Reporting sexual abuse means taking risks. At this point in time, most of us are aware that multiple factors led to the abuse by Dr. Larry Nassar not being reported. Staff and parents were unaware and/or groomed, and his position made the allegations seem impossible. The truth is, there are so many reasons why people do not report abuse; however, reporting is the first step to healing. This is exactly why it is imperative that we believe the child and embrace our voices.
So, why don’t people report, and why is it important that they do?
- I’m not sure if what I’m seeing is actually maltreatment – It is not your job to determine if maltreatment is occurring, but you should always report when you see signs or have suspicions.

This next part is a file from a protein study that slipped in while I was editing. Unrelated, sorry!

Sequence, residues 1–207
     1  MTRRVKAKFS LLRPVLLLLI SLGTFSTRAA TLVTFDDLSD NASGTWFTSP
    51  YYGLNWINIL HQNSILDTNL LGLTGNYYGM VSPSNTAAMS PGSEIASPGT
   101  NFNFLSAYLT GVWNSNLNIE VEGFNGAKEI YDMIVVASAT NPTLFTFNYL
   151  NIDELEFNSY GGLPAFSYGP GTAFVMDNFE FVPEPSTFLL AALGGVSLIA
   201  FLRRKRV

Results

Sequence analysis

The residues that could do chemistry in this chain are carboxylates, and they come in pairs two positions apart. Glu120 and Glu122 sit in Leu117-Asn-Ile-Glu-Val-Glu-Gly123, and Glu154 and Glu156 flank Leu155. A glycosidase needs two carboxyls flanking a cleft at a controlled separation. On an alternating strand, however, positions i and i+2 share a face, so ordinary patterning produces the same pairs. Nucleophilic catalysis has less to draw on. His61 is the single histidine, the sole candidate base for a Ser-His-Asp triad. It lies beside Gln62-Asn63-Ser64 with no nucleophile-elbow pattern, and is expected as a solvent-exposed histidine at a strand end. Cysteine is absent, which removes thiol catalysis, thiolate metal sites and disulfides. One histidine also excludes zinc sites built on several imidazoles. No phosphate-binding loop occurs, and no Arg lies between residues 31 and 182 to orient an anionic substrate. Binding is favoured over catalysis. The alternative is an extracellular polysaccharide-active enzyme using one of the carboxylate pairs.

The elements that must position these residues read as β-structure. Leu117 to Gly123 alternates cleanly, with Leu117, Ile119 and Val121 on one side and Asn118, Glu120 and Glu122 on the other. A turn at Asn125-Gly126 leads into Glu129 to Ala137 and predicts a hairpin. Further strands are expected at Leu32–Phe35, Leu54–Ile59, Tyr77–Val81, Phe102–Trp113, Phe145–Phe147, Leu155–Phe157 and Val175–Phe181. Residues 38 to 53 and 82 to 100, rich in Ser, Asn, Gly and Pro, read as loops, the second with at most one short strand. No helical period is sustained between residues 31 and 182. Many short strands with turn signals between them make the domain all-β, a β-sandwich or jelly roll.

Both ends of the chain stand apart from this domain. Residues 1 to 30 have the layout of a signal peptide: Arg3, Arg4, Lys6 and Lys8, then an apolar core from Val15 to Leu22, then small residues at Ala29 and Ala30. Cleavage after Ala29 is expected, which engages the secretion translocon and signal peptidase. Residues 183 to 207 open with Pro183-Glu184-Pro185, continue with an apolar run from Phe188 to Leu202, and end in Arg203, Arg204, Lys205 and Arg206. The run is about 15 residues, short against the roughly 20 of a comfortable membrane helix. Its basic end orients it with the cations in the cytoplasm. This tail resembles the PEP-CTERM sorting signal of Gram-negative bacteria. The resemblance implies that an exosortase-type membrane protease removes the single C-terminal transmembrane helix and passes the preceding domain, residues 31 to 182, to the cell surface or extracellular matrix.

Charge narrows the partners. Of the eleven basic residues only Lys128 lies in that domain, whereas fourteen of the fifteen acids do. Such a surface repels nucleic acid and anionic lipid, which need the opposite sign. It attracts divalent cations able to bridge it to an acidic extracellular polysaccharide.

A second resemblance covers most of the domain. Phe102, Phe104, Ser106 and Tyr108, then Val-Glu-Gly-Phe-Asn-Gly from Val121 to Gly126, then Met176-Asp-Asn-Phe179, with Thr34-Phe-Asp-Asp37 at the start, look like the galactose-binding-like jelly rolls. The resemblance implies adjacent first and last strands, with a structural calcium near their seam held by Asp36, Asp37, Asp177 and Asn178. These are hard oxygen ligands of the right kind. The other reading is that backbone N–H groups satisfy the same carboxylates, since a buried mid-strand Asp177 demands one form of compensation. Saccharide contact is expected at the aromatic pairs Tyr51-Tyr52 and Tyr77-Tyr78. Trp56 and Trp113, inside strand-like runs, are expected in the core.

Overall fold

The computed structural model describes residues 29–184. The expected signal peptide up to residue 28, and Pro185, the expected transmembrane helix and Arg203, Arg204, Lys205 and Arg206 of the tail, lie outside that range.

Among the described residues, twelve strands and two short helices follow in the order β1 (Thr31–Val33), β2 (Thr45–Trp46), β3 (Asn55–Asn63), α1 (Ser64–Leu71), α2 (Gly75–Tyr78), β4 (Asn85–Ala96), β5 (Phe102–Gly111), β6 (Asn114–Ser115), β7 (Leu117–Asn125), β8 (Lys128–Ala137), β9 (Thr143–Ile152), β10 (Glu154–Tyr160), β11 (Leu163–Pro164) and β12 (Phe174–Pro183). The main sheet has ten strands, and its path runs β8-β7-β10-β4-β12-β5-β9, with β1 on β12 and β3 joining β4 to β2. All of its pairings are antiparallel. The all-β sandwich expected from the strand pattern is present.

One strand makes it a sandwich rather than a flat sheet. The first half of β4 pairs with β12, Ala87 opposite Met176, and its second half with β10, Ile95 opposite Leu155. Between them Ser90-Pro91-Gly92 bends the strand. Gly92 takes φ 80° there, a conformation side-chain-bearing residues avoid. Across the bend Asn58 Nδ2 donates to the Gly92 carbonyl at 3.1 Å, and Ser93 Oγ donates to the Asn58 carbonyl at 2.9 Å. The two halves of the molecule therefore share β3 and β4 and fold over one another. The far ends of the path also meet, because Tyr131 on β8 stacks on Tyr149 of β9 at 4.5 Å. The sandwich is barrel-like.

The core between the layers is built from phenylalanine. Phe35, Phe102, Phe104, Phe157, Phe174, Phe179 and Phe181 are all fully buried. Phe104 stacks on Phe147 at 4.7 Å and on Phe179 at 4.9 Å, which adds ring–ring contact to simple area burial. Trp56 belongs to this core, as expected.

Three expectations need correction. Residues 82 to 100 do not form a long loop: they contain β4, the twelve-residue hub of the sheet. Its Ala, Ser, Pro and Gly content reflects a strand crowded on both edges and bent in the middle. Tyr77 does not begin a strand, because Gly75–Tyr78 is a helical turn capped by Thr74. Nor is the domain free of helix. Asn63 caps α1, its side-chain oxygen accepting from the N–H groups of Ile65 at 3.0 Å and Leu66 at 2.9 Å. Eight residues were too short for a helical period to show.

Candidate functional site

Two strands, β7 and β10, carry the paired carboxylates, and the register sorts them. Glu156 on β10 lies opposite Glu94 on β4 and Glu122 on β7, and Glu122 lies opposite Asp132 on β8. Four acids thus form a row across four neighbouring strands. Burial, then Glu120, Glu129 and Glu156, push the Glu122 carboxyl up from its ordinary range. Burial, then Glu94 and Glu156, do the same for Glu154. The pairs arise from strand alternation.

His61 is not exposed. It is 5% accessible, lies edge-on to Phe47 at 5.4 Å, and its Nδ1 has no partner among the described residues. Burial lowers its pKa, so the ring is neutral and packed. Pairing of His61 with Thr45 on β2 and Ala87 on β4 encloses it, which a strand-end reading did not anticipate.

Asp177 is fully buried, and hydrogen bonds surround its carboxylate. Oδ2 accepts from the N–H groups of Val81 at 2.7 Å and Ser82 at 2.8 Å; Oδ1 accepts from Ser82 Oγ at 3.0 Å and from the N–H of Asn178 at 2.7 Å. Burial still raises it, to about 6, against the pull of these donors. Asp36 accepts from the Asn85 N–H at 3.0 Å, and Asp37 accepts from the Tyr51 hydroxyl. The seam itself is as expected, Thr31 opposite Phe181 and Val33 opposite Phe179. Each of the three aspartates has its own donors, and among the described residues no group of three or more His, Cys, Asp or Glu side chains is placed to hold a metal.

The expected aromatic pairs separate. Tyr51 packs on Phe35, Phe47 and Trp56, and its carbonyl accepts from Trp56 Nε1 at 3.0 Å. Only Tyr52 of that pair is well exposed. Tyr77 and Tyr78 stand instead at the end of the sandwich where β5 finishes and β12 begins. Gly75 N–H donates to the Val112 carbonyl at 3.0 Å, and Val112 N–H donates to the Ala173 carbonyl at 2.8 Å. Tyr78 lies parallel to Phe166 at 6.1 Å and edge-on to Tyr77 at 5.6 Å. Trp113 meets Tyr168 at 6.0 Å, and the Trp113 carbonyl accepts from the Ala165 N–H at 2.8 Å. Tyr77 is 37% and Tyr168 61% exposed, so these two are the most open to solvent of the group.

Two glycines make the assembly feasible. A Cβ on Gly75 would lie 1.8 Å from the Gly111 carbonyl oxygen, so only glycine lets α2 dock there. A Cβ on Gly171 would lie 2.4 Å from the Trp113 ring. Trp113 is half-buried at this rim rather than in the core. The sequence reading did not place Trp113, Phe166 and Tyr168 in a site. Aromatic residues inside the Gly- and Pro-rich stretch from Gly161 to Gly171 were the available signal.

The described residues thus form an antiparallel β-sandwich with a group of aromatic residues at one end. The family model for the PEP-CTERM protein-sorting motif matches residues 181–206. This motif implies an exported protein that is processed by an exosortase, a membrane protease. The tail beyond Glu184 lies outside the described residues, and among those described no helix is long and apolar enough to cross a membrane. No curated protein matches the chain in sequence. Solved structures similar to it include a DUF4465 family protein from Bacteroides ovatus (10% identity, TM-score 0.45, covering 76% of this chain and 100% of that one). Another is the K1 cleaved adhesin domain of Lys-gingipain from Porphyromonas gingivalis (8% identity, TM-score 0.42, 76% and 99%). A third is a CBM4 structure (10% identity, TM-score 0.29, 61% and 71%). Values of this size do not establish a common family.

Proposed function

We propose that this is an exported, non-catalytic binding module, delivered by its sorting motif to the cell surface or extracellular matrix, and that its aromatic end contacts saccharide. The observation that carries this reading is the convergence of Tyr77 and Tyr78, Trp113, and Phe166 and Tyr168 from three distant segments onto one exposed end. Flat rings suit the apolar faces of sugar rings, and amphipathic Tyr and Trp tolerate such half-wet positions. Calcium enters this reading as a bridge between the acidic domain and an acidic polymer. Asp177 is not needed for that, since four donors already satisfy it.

- I’m afraid of making a false accusation – Reporting does not mean you’re making an accusation of abuse. You’re simply reporting signs that have caused concern.
- I know these parents, and I don’t want to damage our relationship – The child’s wellbeing is the most important factor, and this must supersede our feelings towards any of the adults involved.
- I don’t want to make matters worse for the child – If abuse is occurring, you MUST take action. By not taking action, you are allowing the suspected abuse to continue and can certainly make matters worse for the child and their future.
When it comes down to it, adults have a responsibility to protect children. We can empower the children in our lives with the tools they need to protect themselves; however, we cannot put all of the responsibility on them. We must take risks and be advocates for those most vulnerable…our children.